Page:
The all-new Evinrude E-TEC G2 outboards just revealed by BRP at a demo in Milwaukee combine stunning new styling with technical innovation, which BRP says challenges what it calls the “sea of sameness” in the outboard market. There’s no doubt these new motors – six 3.4-liter V6 two-stroke models ranging from 200 to 300 horsepower – are distinctive, and live up to the pre-launch hoopla.
For a quick video look at one of these new motors, watch EVINRUDE E-TEC G2: FIRST LOOK VIDEO.
The E-TEC G2 models are the first all-new outboards from BRP since the company acquired the Evinrude brand following the bankruptcy of OMC in 2001. BRP loves design and creating products that offer an element of surprise, and in that regard these new Evinrude outboards do not disappoint.
The new profile is very vertical, and the typical bucket cowl is replaced with a composite exoskeleton that supports plastic panels on the top and sides.
The side panels are secured with six quarter-turn screws and offer access for typical service. The panels will be offered in five different colors (blue, silver, black, red and white) with 14 available accent stripe colors, so you can color-match your motor to your boat and truck. Boat builders will also be able to order the panels in custom colors, to match or complement boat styling.
All New Parts
While the E-TEC G2 powerheads share the displacement and bore x stroke of the current big E-TEC V6 models, I was told that other than a few bearings, the motors share no parts. George Broughton, Evinrude Director of Design Innovation, explained that his engineering team combined the latest Computational Fluid Dynamics (CFD) software with a big investment in computing power to analyze the flow of fuel and air within the current E-TEC combustion chamber; then they redesigned the transfer and exhaust ports, the piston, and the cylinder head to improve the “loop” and mixture of air and fuel in the cylinder. They achieved a more-efficient burn, and less fuel escapes through the exhaust port.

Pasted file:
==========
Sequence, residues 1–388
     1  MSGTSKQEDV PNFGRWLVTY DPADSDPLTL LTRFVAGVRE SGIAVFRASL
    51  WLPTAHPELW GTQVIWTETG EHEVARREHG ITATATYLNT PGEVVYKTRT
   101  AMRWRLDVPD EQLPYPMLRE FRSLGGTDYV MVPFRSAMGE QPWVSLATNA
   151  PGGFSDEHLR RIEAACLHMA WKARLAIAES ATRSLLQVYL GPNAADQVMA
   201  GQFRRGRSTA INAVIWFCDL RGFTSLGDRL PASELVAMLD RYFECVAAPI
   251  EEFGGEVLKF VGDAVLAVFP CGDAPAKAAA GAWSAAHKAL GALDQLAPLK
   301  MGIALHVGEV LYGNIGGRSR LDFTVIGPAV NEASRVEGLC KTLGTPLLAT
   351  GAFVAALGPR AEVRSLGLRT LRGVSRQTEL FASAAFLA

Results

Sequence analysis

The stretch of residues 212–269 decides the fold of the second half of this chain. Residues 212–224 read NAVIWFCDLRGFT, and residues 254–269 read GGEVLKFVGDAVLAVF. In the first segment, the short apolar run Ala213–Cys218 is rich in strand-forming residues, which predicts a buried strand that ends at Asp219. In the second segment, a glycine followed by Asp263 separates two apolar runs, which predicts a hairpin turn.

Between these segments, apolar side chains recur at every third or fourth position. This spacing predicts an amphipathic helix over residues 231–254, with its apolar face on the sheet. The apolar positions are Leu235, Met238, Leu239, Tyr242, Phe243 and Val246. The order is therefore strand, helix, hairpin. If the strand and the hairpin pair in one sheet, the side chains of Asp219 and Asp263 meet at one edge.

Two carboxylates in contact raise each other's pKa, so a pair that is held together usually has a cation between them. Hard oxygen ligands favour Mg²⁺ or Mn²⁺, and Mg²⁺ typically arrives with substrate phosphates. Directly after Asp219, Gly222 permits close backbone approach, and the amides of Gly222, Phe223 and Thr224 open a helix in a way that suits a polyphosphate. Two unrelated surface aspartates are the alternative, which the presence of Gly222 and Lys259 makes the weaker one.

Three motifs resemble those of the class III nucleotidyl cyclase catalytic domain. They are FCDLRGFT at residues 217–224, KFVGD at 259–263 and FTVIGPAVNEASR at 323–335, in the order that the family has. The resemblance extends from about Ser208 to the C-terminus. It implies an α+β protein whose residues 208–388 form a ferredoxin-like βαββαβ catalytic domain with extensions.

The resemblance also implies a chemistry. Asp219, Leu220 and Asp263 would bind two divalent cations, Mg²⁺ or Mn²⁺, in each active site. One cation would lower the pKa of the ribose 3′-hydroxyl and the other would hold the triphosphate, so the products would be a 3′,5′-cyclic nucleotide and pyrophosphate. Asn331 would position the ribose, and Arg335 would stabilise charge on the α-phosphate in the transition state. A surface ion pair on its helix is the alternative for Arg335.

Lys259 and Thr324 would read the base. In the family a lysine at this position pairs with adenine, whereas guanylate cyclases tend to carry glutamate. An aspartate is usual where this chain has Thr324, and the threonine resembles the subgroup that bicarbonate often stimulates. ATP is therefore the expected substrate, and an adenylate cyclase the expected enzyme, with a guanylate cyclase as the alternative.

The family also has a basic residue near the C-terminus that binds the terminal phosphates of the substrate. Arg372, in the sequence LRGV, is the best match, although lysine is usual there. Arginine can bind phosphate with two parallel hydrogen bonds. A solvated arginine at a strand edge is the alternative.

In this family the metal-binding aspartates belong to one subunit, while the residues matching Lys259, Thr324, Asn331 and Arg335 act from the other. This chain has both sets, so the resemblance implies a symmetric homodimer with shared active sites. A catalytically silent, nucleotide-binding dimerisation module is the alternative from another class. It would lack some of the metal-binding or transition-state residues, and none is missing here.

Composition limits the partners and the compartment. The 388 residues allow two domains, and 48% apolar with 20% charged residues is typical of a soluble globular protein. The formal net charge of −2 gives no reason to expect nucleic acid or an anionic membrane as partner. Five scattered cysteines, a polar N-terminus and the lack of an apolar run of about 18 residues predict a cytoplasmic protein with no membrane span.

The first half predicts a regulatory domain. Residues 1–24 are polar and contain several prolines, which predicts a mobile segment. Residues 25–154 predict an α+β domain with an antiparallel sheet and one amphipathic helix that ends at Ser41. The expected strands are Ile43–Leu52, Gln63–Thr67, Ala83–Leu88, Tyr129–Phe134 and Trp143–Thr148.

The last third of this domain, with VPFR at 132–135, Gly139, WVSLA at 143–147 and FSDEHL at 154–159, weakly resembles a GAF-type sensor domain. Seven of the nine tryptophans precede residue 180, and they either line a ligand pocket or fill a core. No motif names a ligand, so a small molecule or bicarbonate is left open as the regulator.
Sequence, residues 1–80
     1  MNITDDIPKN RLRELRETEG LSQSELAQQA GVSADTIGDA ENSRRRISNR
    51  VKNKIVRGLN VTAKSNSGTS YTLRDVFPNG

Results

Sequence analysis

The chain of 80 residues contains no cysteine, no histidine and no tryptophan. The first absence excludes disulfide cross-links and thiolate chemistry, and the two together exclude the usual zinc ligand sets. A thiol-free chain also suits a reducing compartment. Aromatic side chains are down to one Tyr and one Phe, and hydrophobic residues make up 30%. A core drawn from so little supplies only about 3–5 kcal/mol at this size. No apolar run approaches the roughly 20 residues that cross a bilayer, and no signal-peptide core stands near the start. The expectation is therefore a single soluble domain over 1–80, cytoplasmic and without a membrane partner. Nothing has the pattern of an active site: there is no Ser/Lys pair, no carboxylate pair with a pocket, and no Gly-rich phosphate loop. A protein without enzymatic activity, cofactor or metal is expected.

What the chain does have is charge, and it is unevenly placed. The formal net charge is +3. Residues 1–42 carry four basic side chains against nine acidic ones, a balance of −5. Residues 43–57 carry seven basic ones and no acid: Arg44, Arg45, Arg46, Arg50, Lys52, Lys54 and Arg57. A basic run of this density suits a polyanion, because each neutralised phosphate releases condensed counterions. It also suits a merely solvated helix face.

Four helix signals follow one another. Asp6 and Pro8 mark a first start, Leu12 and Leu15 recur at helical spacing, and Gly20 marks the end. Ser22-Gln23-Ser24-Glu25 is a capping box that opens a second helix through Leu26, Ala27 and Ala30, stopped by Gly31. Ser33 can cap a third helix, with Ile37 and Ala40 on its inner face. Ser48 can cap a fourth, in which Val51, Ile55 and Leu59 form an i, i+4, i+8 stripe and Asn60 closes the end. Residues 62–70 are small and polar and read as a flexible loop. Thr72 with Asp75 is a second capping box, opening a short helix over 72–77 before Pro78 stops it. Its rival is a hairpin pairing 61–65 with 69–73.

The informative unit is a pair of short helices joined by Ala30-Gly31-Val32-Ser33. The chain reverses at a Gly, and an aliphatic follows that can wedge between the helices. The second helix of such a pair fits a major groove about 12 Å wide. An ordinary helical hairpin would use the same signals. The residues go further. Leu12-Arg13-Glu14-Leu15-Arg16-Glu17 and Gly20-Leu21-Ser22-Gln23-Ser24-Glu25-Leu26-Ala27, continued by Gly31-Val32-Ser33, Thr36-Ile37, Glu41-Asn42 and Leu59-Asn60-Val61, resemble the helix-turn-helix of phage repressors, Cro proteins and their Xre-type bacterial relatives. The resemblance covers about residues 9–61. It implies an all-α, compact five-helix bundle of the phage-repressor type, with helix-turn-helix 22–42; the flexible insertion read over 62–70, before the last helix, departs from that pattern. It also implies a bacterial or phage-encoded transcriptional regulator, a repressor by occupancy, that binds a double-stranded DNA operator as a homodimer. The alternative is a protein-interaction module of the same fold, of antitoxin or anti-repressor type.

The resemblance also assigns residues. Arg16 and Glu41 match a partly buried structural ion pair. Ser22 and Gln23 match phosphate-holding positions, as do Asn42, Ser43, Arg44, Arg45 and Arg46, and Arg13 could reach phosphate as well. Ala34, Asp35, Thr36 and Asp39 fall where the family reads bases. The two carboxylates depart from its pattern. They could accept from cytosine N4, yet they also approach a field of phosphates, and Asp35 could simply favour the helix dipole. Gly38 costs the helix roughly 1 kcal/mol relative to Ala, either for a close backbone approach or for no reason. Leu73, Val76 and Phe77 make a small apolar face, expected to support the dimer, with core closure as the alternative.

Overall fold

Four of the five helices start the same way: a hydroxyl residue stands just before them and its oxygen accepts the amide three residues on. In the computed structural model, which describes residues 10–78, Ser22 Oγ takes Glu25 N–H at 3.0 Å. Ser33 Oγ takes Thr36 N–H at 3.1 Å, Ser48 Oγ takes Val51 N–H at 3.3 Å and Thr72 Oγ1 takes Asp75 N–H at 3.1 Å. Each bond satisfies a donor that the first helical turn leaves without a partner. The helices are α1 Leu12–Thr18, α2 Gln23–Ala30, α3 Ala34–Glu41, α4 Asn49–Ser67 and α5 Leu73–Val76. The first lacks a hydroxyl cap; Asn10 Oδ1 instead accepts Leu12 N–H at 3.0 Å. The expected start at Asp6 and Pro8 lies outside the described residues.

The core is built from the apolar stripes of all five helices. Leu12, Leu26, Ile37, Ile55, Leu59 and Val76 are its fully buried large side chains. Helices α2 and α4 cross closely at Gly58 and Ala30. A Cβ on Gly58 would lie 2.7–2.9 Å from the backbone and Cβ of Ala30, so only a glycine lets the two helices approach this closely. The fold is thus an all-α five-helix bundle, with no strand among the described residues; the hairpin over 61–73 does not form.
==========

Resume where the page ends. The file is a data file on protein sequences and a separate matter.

BRP claims the new 74-degree V6 powerhead produces 20 percent more torque, 15 percent better fuel economy, and 75 percent lower emissions than the best outboards in this category. Only the E-TEC G2 300 R.A.V.E. model utilizes a two-position exhaust port that broadens the powerband.
Another big powerhead design change is the relocation of the exhaust manifold for the port bank of cylinders, from the center of the V to the outboard side. This change was made mostly to enhance reliability, as those pistons will no longer be pushed by the angle of the connecting rods into the very hot exhaust port on each stroke.
The observation by some BRP designers – who are not boaters – that the transom area of current outboards looks cluttered with tubes and hoses led Broughton’s team to devise an all-new midsection; it incorporates motor steering controlled by a hydraulic helix (imagine a screw turned under hydraulic pressure) integrated into the bracket. The helix replaces the steering ram and tiller arm we’ve seen on outboards for generations. An electric boost motor tucked within the motor bracket adds power steering to all Evinrude E-TEC G2 motors in 25- and 30-inch shaft lengths. A similar hydraulic helix powers the trim system, and the motor pivots on a tilt tube that’s about 2.5 times larger in diameter; that contributes to the very rigid design of the entire motor mounting system.